I am too interested in growing bamboos for bamboo shoots. For dried bamboo shoots which can be soaked and cooked, I was told that some varieties are better than the others. So I am hoping to find one which taste better than the average. I believe that the small ones (1-2 inches in diameter) taste better than large ones. One exception is "winter bambooshoots") which were digged out of the ground before emerging and are from large bamboo plants. This is considered delicacy in China, very tender, and tastes great.

RE: Growing Edible Bamboo

Yellowgroove bamboo (Phyllostachys aureosulcata) grows in my zone 5 location. To control its invasive nature my family enjoys the young shoots raw.


RE: Growing Edible Bamboo

Hi Chervil2
I am glad to see your post. I live in zone 5 Kansas. I want to plant bamboo for fresh shoots for a long long time. But, I don't know what is the best for my area and also for taste. I checked out yellowgrove bamboo from It didn't list as edible. Are you sure it is edible. Do I need to water it a lot to get a good harvest of shoots? Thanks

RE: Growing Edible Bamboo

The type you want is the MOSO type as we call it in Japan. The latin name is Phyllostachys Pubescens. It is grown for its shoots and the stems are used for making baskets in Japan. It grows VERY fast: on a good day, if you are really focused you can see it grow!!! It grows as a clump, so it won't overun your garden. The shoots are harvested as they come out in the spring (whenever that may be in your part of the world) and you can keep harvesting until the autumn. The shoots can also be dug up before they sprout.

RE: Growing Edible Bamboo

I have a stand that is over ten years old. I control its range by simply kicking over new shoots, but now that the shoots are getting in the 1.5 inch diameter range I am wondering if they are edible. How do I determine what specie I have and if the shoots are edible?

RE: Growing Edible Bamboo

I found this site that rates the taste quality of edible bamboo shoots. They are rated as either edible, good and edible, or delicious and edible.

I was just wondering if anyone is a bamboo expert and knows which of the "Delicious and edible" bamboo shoots is the fastest growing is a list of the ones rated as delicious:

Chimonobambusa macrophylla Delicious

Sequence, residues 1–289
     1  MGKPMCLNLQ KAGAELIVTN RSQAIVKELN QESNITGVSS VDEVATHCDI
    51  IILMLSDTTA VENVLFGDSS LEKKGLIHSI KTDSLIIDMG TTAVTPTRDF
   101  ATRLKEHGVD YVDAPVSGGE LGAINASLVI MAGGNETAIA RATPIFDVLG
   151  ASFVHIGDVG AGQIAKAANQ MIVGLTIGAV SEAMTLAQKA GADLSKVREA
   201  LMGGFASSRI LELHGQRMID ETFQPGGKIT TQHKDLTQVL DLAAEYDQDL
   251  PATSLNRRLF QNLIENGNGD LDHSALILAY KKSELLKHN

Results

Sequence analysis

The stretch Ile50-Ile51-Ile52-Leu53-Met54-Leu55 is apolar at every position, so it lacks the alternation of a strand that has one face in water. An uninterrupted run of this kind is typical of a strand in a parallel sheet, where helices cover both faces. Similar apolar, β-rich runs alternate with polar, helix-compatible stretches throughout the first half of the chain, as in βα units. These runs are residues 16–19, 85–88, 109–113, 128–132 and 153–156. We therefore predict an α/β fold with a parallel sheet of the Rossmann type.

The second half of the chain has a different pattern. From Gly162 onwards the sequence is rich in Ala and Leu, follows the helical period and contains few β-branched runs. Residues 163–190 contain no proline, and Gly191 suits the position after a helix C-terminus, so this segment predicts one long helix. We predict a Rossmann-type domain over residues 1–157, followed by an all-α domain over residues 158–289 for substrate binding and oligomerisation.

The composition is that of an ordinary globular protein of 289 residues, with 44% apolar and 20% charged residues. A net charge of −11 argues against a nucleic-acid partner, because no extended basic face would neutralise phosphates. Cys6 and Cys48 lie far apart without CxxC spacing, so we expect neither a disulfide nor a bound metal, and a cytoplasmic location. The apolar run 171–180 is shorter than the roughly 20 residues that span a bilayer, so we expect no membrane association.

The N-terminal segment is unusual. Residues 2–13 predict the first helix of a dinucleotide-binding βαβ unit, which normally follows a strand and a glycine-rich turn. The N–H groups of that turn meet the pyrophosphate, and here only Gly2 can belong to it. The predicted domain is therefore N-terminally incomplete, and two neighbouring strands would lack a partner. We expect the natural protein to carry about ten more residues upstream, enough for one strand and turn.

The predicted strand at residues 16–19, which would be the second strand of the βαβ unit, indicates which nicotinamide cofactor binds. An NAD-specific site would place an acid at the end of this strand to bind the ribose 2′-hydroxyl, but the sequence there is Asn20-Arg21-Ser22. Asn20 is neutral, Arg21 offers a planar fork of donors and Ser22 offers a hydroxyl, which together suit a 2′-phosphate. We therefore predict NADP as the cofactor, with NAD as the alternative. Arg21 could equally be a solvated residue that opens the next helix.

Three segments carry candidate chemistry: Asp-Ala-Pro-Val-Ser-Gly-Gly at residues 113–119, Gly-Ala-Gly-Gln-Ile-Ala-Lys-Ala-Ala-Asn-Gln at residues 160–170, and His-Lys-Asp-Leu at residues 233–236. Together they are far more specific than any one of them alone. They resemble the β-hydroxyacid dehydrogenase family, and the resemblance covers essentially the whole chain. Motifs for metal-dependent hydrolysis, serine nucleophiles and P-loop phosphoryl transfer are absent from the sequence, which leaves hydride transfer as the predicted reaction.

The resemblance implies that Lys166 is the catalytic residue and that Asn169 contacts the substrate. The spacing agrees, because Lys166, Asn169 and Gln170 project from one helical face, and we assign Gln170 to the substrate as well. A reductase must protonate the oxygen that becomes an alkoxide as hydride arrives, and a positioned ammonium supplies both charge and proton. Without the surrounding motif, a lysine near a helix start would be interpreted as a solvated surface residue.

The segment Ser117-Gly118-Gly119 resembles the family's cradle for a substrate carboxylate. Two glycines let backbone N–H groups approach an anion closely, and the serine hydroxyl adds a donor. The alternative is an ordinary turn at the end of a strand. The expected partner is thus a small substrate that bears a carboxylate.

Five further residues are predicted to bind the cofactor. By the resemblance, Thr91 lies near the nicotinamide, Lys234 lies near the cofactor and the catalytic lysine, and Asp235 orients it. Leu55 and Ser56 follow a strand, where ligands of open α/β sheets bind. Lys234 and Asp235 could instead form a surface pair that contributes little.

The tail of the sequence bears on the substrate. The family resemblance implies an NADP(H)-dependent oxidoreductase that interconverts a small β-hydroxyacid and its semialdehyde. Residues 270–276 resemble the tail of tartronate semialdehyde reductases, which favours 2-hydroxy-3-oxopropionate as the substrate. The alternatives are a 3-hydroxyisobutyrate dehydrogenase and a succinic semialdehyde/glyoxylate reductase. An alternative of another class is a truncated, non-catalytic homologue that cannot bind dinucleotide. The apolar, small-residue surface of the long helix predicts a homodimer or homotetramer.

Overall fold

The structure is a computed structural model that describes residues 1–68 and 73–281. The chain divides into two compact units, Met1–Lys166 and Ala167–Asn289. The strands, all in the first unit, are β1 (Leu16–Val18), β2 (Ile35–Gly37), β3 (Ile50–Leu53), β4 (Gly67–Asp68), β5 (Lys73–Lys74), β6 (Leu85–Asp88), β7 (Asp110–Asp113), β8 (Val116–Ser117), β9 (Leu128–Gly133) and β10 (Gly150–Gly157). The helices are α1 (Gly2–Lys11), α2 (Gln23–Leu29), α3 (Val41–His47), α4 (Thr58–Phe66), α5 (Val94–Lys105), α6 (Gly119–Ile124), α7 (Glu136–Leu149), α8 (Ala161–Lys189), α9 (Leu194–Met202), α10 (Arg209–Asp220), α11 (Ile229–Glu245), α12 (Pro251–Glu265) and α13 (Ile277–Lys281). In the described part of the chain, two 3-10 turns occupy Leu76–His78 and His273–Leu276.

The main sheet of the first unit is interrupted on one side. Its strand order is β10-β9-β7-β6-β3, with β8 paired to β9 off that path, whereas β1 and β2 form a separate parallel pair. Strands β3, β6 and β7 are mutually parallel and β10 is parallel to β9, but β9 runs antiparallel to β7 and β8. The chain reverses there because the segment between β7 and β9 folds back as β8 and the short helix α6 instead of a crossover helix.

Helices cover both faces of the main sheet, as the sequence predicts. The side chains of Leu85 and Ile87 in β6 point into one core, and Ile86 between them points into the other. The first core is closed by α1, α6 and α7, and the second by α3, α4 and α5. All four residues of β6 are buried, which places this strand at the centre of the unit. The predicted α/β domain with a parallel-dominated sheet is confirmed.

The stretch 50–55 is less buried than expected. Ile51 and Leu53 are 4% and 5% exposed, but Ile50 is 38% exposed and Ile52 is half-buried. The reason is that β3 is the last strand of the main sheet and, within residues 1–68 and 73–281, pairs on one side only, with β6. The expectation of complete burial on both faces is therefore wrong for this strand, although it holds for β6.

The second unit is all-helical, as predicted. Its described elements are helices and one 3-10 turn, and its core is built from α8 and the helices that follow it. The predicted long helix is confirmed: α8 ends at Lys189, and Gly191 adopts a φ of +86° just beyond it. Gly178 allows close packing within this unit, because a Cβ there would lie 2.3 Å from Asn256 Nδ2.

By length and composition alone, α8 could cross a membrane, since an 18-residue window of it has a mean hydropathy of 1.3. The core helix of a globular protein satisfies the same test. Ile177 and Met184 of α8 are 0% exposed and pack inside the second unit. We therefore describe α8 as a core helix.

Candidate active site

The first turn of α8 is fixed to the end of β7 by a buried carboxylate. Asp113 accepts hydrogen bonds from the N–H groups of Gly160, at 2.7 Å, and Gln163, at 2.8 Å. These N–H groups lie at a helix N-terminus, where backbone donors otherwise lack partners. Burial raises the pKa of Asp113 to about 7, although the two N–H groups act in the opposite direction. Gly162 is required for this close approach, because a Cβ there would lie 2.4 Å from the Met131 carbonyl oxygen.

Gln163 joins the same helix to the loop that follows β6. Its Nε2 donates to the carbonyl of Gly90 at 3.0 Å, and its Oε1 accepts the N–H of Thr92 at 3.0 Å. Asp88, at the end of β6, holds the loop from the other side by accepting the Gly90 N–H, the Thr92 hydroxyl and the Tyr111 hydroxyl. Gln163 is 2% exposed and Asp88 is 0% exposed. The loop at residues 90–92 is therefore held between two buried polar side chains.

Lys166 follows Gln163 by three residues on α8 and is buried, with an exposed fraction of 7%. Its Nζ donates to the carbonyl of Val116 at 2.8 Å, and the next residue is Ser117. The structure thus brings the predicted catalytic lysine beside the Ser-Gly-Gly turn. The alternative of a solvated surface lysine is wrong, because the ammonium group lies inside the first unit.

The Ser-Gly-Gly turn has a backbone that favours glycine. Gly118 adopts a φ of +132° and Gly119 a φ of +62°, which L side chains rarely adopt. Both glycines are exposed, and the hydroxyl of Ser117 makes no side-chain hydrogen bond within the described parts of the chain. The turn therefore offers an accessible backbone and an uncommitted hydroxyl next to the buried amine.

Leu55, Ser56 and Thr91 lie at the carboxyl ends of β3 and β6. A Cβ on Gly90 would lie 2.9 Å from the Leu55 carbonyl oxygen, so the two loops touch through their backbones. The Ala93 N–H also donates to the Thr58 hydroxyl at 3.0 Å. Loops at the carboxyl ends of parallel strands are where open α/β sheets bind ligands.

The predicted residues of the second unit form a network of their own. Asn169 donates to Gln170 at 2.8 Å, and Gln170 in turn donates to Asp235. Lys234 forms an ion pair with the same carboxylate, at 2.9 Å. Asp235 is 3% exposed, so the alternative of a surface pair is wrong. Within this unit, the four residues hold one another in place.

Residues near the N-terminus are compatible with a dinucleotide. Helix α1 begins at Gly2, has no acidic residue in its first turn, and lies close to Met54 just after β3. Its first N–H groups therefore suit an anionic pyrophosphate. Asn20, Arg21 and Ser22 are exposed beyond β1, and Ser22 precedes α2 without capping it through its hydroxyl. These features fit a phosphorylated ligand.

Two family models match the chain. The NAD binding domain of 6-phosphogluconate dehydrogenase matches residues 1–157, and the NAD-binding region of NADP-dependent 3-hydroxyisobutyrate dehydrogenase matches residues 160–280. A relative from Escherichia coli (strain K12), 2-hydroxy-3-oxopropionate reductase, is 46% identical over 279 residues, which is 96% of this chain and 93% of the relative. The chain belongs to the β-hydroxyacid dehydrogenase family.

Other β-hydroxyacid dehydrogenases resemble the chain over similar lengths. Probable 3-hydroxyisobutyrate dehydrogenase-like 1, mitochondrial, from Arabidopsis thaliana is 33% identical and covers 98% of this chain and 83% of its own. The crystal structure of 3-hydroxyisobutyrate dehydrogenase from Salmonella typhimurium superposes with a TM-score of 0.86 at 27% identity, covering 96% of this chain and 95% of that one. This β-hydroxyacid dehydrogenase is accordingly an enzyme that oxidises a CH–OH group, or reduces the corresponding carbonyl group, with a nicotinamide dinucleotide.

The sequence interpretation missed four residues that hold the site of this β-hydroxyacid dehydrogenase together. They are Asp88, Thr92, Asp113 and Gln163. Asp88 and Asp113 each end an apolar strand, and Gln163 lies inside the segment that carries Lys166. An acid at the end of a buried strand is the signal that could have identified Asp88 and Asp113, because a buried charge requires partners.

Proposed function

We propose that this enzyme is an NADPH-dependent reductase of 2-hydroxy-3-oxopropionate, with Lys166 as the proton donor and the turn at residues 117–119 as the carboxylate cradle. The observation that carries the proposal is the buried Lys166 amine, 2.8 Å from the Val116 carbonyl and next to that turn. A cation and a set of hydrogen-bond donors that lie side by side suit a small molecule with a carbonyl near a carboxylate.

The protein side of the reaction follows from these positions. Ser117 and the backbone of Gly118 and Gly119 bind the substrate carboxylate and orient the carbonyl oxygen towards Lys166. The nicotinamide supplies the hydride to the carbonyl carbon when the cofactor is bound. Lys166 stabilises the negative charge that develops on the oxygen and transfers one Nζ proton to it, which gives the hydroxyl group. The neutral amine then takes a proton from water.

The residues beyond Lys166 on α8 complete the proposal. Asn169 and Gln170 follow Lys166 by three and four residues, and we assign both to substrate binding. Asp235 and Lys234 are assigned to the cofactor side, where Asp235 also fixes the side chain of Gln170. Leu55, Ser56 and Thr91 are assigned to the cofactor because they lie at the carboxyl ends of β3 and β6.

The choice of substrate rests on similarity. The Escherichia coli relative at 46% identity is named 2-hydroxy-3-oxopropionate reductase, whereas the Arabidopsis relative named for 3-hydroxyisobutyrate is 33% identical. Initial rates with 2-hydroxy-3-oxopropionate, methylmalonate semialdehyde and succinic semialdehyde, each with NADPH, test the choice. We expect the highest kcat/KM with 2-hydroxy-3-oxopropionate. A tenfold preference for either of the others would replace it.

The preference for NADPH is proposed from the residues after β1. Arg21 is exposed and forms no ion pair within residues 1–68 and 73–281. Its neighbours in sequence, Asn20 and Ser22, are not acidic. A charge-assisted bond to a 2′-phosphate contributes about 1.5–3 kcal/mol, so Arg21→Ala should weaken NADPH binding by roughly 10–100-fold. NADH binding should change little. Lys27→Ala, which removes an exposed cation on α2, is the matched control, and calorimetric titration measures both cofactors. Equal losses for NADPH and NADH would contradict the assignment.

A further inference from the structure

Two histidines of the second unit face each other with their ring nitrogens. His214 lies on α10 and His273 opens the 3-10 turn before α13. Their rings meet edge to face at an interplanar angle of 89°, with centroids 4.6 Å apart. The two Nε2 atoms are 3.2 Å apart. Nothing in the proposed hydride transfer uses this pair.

Chimonobambusa marmorea Delicious
Chimonobambusa pachystachys Delicious
Chimonobambusa puberula Delicious
Chimonobambusa quadrangularis Delicious
Chimonobambusa rigidula Delicious
Chimonobambusa szechuanensis Delicious
Chimonobambusa tumidissinoda Delicious
Acidosasa edulis Delicious
Gigantochloa levis Delicious
Chimonocalamus delicatus Delicious
Phyilostachys incarnata Delicious
Phyllostachys acuta Delicious
Phyllostachys dulcis Delicious
Phyllostachys edulis f. edulis Delicious
Phyllostachys elegans Delicious
Phyllostachys fimbriligula Delicious
Phyllostachys flexuosa Delicious
Phyllostachys glabrata Delicious
Phyllostachys iridescens Delicious
Phyllostachys nidularia Delicious
Phyllostachys nigella Delicious
Phyllostachys nigra f. henonis Delicious
Phyllostachys nuda Delicious
Phyllostachys nuda 'Ink-finger' Delicious
Phyllostachys parvffolia Delicious
Phyllostachys platyglossa Delicious
Phyllostachys praecox Delicious
Phyllostachys praecox f. viridisulcata Delicious
Phyllostachys rivalis Delicious
Phyllostachys vivax Delicious
Phyllostachys yunhoensis Delicious

youtube video on bamboo, pyrolysis, bio-char, and mycorrhizal fungi ....

 o Post a Follow-Up

Please Note: Only registered members are able to post messages to this forum.

    If you are a member, please log in.

    If you aren't yet a member, join now!

Return to the Asian Vegetables Forum

Information about Posting

  • You must be logged in to post a message. Once you are logged in, a posting window will appear at the bottom of the messages. If you are not a member, please register for an account.
  • Please review our Rules of Play before posting.
  • Posting is a two-step process. Once you have composed your message, you will be taken to the preview page. You will then have a chance to review your post, make changes and upload photos.
  • After posting your message, you may need to refresh the forum page in order to see it.
  • Before posting copyrighted material, please read about Copyright and Fair Use.
  • We have a strict no-advertising policy!
  • If you would like to practice posting or uploading photos, please visit our Test forum.
  • If you need assistance, please Contact Us and we will be happy to help.

Learn more about in-text links on this page here